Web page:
Oregon Treasurer Ted Wheeler and Attorney General John Kroger have pursued legal action against Countrywide Financial in order to recoup nearly $29 million in losses that they say the state’s public retirement fund suffered during the mortgage crisis of year’s past.

According to yesterday’s announcement, state officials explained that the suit was filed on behalf of the Oregon Public Employee Retirement Fund (PERF). The litigation contends that the fund was “induced to invest $200 million into home loans originated by Countrywide” and lost monies “as a result of misrepresentations by Countrywide and its financial underwriters.”

“Oregon is taking a stand against predatory lenders and the financial wreckage they caused families and for investors including Oregonians,” Wheeler said Wednesday. “With this lawsuit, we are attempting to recover losses from lenders that took advantage of innocent families, whose only fault was wanting to participate in the American dream and own a home.”

With the July 14 filing, the Oregon Public Employees’ Retirement System (PERS) joins a pool of state retirement plans that include the lead plaintiff: the Iowa Public Employees’ Retirement System (IPERS). Additionally, partnering in the California federal court suit is the General Board of Pension and Health Benefits for the United Methodist Church and the Orange County Employees’ Retirement System (OCERS).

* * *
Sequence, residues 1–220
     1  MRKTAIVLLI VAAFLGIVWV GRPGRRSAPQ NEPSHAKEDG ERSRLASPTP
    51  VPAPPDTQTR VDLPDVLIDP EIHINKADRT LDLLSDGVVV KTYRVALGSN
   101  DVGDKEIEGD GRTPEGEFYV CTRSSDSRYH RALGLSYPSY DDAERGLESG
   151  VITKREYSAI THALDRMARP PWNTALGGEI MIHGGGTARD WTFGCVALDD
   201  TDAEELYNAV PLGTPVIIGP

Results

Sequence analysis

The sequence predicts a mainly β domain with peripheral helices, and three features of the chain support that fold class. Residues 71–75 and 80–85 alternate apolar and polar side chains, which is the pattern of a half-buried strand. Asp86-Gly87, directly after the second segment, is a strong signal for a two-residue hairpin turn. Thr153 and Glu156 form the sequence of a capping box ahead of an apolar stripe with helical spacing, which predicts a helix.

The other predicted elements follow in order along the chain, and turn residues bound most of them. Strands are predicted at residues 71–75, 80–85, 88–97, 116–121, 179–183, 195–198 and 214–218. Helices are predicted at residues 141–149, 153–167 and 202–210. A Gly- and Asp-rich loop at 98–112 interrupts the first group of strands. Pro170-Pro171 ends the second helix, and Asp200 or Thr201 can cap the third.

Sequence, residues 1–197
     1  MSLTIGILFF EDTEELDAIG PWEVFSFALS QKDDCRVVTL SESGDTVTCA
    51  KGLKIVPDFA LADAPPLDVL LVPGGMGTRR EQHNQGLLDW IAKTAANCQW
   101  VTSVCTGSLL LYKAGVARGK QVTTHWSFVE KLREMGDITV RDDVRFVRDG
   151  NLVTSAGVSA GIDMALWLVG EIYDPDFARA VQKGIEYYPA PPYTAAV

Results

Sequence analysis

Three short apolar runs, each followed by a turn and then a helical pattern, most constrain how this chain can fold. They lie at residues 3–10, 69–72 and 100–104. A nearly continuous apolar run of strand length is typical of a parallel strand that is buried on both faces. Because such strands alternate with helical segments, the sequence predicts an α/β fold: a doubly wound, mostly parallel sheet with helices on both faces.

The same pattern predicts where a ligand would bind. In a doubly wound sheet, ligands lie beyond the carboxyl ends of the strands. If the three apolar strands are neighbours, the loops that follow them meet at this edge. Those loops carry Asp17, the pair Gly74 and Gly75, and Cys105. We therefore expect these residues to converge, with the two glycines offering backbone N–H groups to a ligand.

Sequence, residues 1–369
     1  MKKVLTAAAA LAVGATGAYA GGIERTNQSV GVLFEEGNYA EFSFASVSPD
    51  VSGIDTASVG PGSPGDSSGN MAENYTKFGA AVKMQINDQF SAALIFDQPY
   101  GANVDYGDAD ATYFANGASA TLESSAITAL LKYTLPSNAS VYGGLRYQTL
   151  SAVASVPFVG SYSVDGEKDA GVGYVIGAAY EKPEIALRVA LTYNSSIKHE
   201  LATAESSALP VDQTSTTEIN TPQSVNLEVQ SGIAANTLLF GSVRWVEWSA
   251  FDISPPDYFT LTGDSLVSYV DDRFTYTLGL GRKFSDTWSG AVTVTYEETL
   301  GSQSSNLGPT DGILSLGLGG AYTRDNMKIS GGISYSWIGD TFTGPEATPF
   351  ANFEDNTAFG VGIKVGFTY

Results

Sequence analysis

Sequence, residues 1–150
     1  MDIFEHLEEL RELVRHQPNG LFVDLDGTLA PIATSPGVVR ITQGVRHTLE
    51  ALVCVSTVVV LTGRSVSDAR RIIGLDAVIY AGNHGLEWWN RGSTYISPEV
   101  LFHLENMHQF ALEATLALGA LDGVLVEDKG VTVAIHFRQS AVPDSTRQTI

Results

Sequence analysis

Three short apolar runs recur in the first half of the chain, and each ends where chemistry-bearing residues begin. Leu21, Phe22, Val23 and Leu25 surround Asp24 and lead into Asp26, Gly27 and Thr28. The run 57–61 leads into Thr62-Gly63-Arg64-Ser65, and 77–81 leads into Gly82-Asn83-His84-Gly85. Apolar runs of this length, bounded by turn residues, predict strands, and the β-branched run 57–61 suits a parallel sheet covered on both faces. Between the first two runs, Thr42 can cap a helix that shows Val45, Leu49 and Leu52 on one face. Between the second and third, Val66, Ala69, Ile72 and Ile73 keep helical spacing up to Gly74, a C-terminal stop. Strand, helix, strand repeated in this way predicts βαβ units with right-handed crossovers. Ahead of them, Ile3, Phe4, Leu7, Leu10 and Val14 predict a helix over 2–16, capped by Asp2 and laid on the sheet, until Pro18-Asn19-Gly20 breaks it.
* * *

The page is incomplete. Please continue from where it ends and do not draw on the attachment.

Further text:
From 2005 through 2007, the joint lawsuit alleges that Countrywide, which was bought over by Bank of America (BofA) in January for roughly $4 billion, violated securities law by making statements to investors that were “materially false and misleading because they misrepresented and/or failed to disclose information crucial to investors’ ability to accurately assess the risks of their investments.”

At the time, Countrywide was allegedly the largest residential mortgage lender with about $850 million in home loans in the country, the filing states.

In his comments, Kroeger, the state watchdog, explained that this pursuit intends to replete the losses and hold the entities responsible for the current perilous homeowner situation in Oregon.

“Oregon is currently No. 3 nationwide in foreclosures,” Kroger said. “This lawsuit will help hold the responsible companies accountable.”

When contacted today, BofA declined comment.

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